Always the specimen must be first focused under the low-resolution lens, then later high-resolution lens must be used to target it furthermore.
After you complete using the compound microscope, the objective lens of the lower power must be focused on the stage.
When a person is using the coarse adjustment lens, care should be taken that the objective lens does not touch the slide of focus. Sometimes, the coarse adjustment lens, when used rapidly, may crush the specimen to be observed, and precise results cannot be obtained, and the example and the slide also may be damaged.
If you are using a high-resolution lens for a specimen, the fine adjustment knob should only be employed. Do not use the coarse adjustment knob as it cannot give accurate results for viewing smaller details.
Always use a coverslip on the slide of the specimen. This ensures other particles do not accumulate on the sample and alter the results.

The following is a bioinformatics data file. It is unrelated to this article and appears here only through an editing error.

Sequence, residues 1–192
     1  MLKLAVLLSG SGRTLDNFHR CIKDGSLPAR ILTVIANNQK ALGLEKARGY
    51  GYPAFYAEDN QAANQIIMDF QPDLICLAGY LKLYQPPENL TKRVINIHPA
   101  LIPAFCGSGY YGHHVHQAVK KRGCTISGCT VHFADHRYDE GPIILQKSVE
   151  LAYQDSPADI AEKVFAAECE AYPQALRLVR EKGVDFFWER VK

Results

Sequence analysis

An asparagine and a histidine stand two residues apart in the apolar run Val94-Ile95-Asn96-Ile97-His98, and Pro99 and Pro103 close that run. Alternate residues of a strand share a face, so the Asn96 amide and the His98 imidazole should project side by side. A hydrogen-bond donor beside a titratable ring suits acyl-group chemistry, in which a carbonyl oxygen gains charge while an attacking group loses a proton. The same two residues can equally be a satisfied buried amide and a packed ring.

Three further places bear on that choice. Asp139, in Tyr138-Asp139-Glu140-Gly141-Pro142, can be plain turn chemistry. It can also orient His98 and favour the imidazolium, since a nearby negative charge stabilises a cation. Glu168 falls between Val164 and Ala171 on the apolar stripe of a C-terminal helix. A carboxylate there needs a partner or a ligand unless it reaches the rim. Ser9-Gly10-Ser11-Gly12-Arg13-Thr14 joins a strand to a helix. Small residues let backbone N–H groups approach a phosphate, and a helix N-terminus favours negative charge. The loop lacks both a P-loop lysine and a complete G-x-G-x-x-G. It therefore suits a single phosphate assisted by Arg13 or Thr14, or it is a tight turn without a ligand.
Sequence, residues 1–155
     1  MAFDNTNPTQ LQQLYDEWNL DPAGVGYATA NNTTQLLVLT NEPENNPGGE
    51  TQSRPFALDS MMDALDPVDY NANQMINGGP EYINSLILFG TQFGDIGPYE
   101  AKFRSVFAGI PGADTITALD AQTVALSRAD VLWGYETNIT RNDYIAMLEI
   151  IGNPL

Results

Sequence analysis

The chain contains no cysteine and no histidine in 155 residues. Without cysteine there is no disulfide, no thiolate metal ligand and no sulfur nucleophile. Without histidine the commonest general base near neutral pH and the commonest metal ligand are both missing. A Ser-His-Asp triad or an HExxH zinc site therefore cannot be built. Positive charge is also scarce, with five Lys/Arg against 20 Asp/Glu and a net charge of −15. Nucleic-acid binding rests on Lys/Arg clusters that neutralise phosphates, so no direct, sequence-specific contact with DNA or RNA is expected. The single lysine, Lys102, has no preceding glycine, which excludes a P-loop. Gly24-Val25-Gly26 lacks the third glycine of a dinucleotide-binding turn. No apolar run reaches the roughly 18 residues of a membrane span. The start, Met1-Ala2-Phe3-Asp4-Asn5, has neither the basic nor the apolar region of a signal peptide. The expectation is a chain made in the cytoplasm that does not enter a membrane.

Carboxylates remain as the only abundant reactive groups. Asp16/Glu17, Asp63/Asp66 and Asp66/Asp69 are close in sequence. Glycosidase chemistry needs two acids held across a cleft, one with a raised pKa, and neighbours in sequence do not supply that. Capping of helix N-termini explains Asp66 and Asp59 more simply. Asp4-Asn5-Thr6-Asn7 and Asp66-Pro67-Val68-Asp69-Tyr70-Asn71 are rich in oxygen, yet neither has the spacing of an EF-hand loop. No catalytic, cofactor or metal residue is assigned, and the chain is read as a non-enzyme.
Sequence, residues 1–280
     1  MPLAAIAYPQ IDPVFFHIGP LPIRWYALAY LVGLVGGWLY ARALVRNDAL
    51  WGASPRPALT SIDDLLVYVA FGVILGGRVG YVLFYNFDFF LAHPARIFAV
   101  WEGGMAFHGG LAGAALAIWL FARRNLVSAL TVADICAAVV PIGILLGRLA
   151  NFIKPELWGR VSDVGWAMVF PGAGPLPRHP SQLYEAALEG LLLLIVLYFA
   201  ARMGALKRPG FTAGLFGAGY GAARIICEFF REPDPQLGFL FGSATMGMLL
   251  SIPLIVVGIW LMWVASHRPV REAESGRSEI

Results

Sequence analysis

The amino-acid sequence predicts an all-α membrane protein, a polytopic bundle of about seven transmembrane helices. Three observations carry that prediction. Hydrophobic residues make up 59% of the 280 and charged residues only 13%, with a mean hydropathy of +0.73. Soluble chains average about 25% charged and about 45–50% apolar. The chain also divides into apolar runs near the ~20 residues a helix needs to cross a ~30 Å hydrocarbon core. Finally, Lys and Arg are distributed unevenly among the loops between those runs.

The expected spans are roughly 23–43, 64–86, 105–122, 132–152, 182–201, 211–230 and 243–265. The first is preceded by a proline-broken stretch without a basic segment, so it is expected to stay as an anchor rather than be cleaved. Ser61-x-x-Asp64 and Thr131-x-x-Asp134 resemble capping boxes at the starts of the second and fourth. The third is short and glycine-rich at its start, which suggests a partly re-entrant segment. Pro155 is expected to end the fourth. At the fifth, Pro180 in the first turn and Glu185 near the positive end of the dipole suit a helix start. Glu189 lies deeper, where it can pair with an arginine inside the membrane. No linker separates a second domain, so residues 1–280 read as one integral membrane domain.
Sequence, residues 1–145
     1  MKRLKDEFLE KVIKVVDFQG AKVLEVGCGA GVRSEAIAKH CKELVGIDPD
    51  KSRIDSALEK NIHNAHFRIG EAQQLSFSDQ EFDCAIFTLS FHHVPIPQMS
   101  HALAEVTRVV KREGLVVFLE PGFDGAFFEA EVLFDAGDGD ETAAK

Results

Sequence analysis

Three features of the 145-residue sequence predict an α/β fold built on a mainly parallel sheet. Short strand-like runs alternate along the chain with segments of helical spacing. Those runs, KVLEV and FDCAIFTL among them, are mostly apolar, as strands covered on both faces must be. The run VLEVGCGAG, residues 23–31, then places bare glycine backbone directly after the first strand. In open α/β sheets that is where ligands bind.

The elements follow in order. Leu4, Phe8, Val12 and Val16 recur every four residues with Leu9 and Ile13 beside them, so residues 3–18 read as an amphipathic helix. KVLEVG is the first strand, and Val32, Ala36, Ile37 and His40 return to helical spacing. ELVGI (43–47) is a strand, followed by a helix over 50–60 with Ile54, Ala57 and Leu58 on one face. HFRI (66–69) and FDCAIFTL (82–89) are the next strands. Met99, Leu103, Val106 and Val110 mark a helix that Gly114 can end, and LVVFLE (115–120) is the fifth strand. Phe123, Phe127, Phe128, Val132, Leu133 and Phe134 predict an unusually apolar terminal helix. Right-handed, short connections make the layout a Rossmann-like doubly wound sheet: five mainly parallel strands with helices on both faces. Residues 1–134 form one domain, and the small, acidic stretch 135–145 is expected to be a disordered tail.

If you are using an oil immersion lens, the oil should always be used for accurate results. As without the use of oil, the refractive index may be changed, which manipulates the reading of the specimen.
Always place the microscope inside a box after completion.
The mirror has a concave part that is used in dim light to get a better view.
The microscope must not be dismantled.
Always use a clean slide or clean the slide with proper water and wipe it so that any stains on the slide do not appear under the microscope. This can confuse the person whether the perceived object is a stain or a part of the specimen.